China embarks on 100-strong foreign coach project
China FA plan to import 100 foreign youth coaches by 2019
Aims are to help develop youth talents across the country
Each foreign coach has three local assistants to mentor
Give a man a fish and you feed him for a day, teach a man to fish and you feed him for a lifetime. Among those drawing inspiration from that timeless piece of wisdom are the CFA (Chinese Football Association), who have left no stone unturned to develop their game over recent years.
Keen on learning to 'fish', the football governing body of the world's most populous country have imported a series of world-class coaches in order to raise their managing levels. The FIFA World Cup™ winning coach Marcello Lippi was appointed head coach of the men's senior team three years ago, before being replaced by Fabio Cannavaro recently. Meanwhile, Guus Hiddink was handed the reigns of China's U-23 side last year.
These efforts, indeed, reflect the country's footballing ambitions at international level. But CFA are all too aware that the keys are to develop their youth as well as the local coaches if they are to achieve their long-term goals - increase the country's football population and help the national team qualify for the FIFA World Cup.
Then came the 100-foreign coach project last year, a notable program which is focused on youth development. As it is unveiled, a total of a hundred high-quality foreign coaches will be hired and sent to a dozen youth training centres across the country to cultivate their young talents.
"Youth development is the foundation of our football reform plans," CFA acting president Du Zhaocai told FIFA.com. "It is the core of China's strategies of football development.
“We have plans of engaging around a hundred high-level foreign coaches in our youth training from 2018 to 2019. We want these coaches to instill their knowledge into our youngsters, to teach them the football elements."
These foreign experts include scouts, fitness coaches and goalkeeping coaches as CFA aim to promote the youth development at overall levels. More importantly, for each foreign coach there are three local coaches who are tasked with providing assistance as well as learning the managing know-how.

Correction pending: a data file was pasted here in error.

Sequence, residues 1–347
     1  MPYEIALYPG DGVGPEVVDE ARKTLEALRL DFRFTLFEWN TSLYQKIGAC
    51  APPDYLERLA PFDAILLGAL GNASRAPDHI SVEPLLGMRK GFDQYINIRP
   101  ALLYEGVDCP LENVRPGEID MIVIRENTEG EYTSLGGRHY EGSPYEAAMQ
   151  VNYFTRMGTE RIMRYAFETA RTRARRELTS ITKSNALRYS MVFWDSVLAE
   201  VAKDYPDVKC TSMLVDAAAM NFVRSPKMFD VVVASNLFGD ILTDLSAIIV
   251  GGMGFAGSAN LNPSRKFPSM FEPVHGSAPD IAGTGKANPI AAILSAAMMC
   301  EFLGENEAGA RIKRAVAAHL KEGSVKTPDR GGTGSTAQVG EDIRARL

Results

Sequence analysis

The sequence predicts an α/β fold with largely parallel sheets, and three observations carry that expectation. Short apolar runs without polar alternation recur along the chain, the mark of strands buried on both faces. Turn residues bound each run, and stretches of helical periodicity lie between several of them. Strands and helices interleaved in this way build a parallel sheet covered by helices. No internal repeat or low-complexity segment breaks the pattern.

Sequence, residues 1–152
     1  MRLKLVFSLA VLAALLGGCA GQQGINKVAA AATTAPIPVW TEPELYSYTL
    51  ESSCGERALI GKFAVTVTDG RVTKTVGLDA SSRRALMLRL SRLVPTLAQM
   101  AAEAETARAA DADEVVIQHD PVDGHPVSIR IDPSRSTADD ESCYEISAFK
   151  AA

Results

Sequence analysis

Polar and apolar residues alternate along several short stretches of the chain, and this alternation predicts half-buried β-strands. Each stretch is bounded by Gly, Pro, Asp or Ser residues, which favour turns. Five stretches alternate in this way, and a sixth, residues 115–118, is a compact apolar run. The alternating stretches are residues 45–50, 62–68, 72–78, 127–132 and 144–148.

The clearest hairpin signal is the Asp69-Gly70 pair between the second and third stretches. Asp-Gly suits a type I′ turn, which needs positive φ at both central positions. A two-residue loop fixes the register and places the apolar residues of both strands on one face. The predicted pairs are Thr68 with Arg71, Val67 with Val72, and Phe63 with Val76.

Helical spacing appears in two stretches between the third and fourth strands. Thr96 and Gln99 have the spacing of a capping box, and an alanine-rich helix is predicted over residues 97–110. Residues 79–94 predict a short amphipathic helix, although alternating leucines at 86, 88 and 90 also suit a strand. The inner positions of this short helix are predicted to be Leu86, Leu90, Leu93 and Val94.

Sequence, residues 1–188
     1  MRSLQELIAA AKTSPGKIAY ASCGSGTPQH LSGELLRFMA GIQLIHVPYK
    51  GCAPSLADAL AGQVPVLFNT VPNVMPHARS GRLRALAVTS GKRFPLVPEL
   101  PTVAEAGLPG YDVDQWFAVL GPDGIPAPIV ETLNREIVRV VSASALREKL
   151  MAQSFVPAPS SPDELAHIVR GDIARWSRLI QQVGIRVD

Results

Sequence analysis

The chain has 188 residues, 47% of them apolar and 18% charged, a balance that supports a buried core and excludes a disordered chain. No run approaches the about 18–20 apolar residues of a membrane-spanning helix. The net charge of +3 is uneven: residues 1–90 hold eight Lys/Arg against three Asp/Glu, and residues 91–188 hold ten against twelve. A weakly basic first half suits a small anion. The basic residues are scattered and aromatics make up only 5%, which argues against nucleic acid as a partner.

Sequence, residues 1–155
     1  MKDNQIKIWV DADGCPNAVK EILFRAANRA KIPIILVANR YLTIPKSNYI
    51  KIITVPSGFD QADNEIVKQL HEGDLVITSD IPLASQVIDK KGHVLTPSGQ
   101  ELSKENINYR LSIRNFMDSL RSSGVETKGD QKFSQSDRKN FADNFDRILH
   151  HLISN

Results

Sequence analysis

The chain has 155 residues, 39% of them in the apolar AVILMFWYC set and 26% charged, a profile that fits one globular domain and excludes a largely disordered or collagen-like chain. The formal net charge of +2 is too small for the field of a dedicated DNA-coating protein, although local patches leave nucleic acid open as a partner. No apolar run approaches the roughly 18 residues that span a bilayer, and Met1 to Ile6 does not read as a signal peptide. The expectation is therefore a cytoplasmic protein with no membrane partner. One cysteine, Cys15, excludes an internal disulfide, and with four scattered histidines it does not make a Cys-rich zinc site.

"This 3+1 mode will make sure that this project becomes a success," continued Du. "Because in the process, our home-grown coaches will broaden their visions by learning from these foreign experts.
“Apart from teaching the techniques and tactics, foreign coaches want the players to use their heads and to be more confident. Our local coaches can definitely gain experiences and make progress by working alongside them.
"One of our plans is to launch a China Football Coaches' College as we aim to establish our system of coaches’ development. Obviously, the 100-foreign coach project can serve the goals of training our youth talents as well as developing our coaches."
The first 15 foreign experts - all from Spain - have been decentralised to youth centres of seven cities and regions across the country. While more foreign coaches will be coming, CFA have cast their sights further afield.
"Up to now, we have established 29 such youth centres, including 14 women youth centres. Our plan is to complete 50 national youth centres by 2020 by co-operating with the local authorities across the country.
"Meanwhile, we will continue our international policy and set up youth centres in those footballing powerhouses in Europe and South America. We have launched three youth training centres in Czech Republic, Spain and Belgium. We will establish more overseas centres for our youngsters to develop.
“Youth development is a long-term task and CFA will try to complete a youth development system of our own."